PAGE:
It’s the middle of the semester. Spring break is just around the corner, and this morning I received an email from Student Health Services telling me that I’ve used my maximum number of excused absences. I have officially entered the slump. Google defines slump in a few ways: sitting or falling heavily, abnormally low economic performance that results in widespread unemployment, or a period of substantial failure or decline.
My slump isn’t nearly as dramatic as these definitions, but it feels that way sometimes. I’m sure some of us feel like each semester is one long trainwreck. How do people just want to get out of bed in the morning? How do they want to run a mile at 6:30 a.m.? How do they stay awake doing homework until midnight, and then do everything over again?
Living is hard. Being present is hard. Pretending like you’re being successful every day is hard. Sometimes, the fake it till you make it mentality works. Sometimes it doesn’t, and both are equally ok. In a counseling session, I imparted to my therapist that I spend a lot of time feeling like I’m not the main player in my life. I just watch myself from the sidelines as I float through my daily activities. It’s normal to disconnect from your life when you find yourself losing control. As a college student, things can get overwhelming very quickly. It’s important to take a step back and reorient yourself with what matters to you. Going through the motions is a classic stress trope because we fall so frequently into patterns that are difficult to maintain. It’s easy to speed so quickly in one direction that you forget why you’re going that way. Then you lose sight of your purpose, and it’s easy for the slump to set in.
At home in Texas, I have a favorite yoga studio my mom and I often visit. The yoga instructor sets intentions for us near the end of the class — to meet the world with kindness, to be compassionate to ourselves, to take every step with a light touch.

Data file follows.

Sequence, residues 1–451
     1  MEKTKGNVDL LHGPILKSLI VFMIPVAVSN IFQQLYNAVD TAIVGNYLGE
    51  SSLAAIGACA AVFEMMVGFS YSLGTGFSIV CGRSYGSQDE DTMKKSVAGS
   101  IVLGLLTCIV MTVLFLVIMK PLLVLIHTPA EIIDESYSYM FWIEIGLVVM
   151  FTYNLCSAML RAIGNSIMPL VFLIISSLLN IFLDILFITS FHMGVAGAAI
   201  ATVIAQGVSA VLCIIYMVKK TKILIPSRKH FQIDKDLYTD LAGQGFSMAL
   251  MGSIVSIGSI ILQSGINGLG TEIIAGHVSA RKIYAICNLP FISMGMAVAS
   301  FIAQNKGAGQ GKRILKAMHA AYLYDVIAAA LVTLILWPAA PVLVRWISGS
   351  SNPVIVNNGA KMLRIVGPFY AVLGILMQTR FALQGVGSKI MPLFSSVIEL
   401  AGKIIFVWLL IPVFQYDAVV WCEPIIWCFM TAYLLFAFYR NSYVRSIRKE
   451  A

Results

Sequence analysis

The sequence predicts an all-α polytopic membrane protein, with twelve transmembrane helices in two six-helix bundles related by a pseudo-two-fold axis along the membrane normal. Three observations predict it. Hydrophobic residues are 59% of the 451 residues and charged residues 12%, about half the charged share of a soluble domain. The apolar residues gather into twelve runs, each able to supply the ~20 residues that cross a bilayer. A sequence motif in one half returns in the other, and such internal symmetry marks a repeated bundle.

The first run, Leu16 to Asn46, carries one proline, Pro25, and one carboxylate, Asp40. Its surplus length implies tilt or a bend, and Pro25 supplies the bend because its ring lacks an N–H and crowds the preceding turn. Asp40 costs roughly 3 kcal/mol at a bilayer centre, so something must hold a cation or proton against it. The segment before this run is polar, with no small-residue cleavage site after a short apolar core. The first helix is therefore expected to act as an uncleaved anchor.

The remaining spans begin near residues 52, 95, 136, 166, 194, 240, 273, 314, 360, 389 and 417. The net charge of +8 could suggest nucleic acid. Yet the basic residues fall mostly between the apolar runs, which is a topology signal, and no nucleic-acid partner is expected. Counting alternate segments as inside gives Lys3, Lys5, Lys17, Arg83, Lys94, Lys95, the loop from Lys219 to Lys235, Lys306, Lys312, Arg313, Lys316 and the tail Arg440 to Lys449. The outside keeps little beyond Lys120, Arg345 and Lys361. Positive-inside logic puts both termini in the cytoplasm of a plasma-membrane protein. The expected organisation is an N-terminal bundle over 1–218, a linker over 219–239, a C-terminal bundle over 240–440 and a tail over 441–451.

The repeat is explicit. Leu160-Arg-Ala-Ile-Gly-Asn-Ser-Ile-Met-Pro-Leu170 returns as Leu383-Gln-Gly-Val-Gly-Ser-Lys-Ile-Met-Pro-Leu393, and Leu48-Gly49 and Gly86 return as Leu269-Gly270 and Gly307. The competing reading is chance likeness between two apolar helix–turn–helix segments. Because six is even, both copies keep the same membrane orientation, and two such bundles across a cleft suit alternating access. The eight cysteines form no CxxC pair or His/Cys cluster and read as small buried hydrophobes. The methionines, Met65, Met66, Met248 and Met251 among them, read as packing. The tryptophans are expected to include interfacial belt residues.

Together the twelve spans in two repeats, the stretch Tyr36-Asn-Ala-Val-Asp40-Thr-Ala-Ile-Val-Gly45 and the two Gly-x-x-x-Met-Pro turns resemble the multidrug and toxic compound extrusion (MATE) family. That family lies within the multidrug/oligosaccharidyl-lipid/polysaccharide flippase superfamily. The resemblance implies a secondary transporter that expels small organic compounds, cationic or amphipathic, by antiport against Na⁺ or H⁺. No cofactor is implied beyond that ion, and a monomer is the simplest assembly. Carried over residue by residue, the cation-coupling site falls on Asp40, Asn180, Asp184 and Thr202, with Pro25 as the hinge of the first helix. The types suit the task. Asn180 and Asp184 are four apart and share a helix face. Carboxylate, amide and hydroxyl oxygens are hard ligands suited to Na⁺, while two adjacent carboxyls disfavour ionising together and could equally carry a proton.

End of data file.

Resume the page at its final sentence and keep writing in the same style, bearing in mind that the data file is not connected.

In therapy, again, as I described my feelings of depersonalization and helplessness, I was reminded to set an intention for myself each day. I set an intention to accept myself and all of my mistakes. I set an intention to listen to the parts of me that were tired, instead of trying to push them aside so that I could achieve some sort of emblem of success. I set an intention to recognize that being tired and overwhelmed aren’t flaws; they’re human. I set an intention to believe in my ability to be good to myself. I set an intention to believe in my ability to feel well again.
The slump is a natural part of the human process, but it does not have to change how you see yourself. It doesn’t have to change your value. If you focus on accepting every part of your journey, it will help you appreciate where you are and where you’re going. Then, you might find that you have more of a will to get there. I would never finish a yoga class if I didn’t believe in the airy freedom I feel after it ends. I would never finish a hike if I didn’t believe that I’d reach the pinnacle. It’s important to recognize that living is hard. There will be bumps, scrapes and probably train wrecks before my life is over. The slump is temporary, and the more you lean into it, the faster you’ll grow.